Bad is one of those moment in the live set when Bono loves to introduce fragments (or more) of other songs. We’ve heard everything from the now-familiar lines of  staples like Walk on the Wild Side, Ruby Tuesday and Sympathy For the Devil, to shards of U2 (Elvis Presley and America, When I Look at the World, Sweetest Thing, Walk to the Water, Yahweh...) - and the unexpected: You’ve Got to Fight for Your Right (To Party), Need You Tonight, Champagne Supernova, Waltzing Matilda and - ahem - The Lion Sleeps Tonight. (A-wimoweh a-wimoweh.)
Bono usually sings these after the line “I’m not sleeping”, of course. Any ideas, however, as to where Bad itself has featured as a fragment of its own within another U2 song? The answer ? ‘All I Want is You’, a handful of times, on the POPMART tour in 1997.

5. It has great “Oooh woohs”.
So, this might seem trivial, but Conakry makes an important point. “The way Bono sings the ‘Oooh wooh part’ with so much feeling... Bad to me is their best song.”
It’s true. A band can have amazing lyrics, incredible effects, dazzling stage shows, but is it any substitute for great Oooh woohs? Think about it: Sympathy for the Devil by the Stones. Buddy Holly by Weezer. Song 2 by Blur. Bad is in good company, for sure.

In the comments below, tell us what Bad means to you.


31 October, 2012
How Bad can it be?
Having become a fan of U2 in the 2000, it was an awesome experience to first listen to Bad somewhere there in 2006. It's really great to have discovered the band "backwards" and it gives you such a different perspective. Anyway, the other day while my husband and I were driving our car and bad popped up from our Mp3 player, well, I simply told him, "You know, I do love this song although it's quite different from what U2 is" Big question mark, what U2 is? I simply realized in that moment that U2 is that, U2 singing pop, rock, alternative, even instrumental like in some B-sides. Bad, is just Bad, it's a great tune from Edge's guitar, an awesome accompaniment from Larry and Adam, and well, the lyrics are just great. I voted for it for the 360 soundtrack and luckily we got it. Bad, simply is part of U2, a song that with only some new arrangements, like in 360, really touches fibres. Bad is there because there are Beautiful Days...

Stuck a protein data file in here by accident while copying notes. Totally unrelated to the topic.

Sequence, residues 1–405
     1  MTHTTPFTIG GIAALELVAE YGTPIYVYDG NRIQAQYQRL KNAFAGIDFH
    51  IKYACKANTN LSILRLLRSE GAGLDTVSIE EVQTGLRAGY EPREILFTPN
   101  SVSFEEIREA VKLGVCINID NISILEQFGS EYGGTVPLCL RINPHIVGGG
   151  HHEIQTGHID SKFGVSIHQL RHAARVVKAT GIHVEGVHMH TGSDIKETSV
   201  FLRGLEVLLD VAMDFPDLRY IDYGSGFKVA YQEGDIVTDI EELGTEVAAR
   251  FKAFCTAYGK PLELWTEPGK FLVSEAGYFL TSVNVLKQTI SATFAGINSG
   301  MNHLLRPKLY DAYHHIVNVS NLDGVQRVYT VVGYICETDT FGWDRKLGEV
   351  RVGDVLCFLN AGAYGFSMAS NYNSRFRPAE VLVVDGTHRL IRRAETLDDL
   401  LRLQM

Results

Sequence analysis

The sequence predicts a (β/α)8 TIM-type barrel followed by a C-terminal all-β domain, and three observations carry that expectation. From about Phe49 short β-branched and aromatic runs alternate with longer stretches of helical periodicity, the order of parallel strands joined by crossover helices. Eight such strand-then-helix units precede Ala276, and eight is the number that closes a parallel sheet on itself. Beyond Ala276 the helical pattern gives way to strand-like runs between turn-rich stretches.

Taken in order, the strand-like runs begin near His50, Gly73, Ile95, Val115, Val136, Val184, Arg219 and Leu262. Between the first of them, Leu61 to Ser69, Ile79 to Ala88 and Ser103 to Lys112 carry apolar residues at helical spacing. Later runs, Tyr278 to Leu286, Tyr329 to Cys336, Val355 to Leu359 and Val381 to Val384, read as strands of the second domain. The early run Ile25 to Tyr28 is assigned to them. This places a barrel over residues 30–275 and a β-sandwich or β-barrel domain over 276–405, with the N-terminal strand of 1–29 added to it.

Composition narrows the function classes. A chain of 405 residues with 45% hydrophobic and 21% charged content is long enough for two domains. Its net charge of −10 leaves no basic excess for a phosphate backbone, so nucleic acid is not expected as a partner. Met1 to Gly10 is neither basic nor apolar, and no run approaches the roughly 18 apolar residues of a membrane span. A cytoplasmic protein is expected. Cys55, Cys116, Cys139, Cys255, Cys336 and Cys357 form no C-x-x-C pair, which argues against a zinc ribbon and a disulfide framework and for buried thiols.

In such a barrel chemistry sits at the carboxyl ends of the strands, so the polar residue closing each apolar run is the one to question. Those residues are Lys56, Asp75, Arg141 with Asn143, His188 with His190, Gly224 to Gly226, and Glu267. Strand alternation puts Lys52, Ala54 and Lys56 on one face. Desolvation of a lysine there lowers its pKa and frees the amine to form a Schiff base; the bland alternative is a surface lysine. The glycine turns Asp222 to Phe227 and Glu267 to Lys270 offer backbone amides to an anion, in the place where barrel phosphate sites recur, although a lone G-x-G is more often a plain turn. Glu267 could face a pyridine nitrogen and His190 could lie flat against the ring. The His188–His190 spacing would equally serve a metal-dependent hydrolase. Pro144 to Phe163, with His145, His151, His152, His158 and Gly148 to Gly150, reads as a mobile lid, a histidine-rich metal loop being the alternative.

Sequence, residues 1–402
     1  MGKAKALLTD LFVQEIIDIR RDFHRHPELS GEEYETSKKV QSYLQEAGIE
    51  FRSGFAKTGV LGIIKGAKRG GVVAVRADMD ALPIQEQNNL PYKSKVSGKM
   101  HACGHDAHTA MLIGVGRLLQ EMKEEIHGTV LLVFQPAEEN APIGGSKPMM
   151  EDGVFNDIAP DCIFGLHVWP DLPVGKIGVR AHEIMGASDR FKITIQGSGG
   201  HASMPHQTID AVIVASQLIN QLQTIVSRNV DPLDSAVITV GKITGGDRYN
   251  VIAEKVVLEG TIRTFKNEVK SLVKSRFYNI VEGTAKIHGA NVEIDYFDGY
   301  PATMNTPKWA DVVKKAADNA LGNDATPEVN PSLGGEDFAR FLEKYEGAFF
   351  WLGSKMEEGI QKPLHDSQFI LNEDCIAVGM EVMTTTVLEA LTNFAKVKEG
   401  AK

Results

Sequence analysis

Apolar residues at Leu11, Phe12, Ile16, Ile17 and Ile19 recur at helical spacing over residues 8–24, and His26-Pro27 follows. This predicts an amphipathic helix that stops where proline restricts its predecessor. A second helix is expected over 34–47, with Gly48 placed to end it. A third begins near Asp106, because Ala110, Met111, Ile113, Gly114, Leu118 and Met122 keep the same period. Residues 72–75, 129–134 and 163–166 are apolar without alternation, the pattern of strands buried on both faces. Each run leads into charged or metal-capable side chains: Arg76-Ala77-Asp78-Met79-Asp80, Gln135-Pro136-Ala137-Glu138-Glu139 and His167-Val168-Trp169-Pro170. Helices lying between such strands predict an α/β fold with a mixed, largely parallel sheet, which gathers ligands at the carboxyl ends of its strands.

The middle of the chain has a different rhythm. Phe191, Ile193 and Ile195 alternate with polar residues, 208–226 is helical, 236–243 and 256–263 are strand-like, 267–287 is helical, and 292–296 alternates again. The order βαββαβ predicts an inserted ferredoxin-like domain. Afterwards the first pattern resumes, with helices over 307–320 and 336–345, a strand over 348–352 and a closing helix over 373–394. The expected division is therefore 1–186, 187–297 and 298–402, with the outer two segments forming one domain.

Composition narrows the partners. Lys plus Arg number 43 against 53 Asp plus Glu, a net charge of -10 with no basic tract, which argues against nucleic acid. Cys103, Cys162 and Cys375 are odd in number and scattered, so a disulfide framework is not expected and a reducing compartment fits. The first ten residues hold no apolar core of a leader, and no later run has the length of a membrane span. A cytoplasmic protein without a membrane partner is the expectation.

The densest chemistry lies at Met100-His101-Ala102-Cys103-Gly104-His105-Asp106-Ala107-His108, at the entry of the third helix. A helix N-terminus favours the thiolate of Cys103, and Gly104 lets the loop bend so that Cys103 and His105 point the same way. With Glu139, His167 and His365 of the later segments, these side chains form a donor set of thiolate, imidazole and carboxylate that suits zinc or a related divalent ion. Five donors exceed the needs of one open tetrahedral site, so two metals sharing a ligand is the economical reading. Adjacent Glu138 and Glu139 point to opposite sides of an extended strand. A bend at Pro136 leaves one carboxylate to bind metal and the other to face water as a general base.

31 October, 2012
How many of you are hearing it...
in your head........ RIGHT NOW?? Live - the opening keyboard, the opening guitar riff...the crescendos... the waves of emotion... You can still hear it... that's what it is about Bad. ...I'm wide awake, I'm wide awake....
Reggie Thee Dog
31 October, 2012
One Strange, Incredible Song...
Everything about the studio version of Bad is a wonder. The power, the majesty, the muddle, the incoherence, the soulfullness, the tragedy, the passion, the mystery. Still one of my favorite songs even 28 years later. The live version on Wide Awake in America is more developed and definitive, but the studio version is magical and mysterious to this day. I get lost in the song, and it takes me to different places every many songs can evoke different emotions every time you listen to it? Amazing creation, by an amazing band.
31 October, 2012
The greatest song ever - by any band
I first saw U2 live 30 years ago and have seen them many times since. I have to say that if Bad is not on the set my experience is incomplete - even though I have had an amazing journey during the gig. Previous surveys with 'proper' U2 fans have shown Bad to be, along with One, their favourite track of all time. When played live, it grows even more and touches so many people in incredible ways. If I could give any direction to U2 it would be to ensure that Bad is on every gig setlist from now on. The song is one that gives me goosebumps each and every time I hear it - even after all these years.
31 October, 2012
A song called "Bad". Best song ever.
It's funny how a song called Bad can be 'the best song ever'.It is probably the U2 song that I listen to more than anything else. It's such a good song because there are so many ways in which the band can make it special again and again. The version they played at live aid, or the one included in the Rattle and Hum film makes my body tingle every time.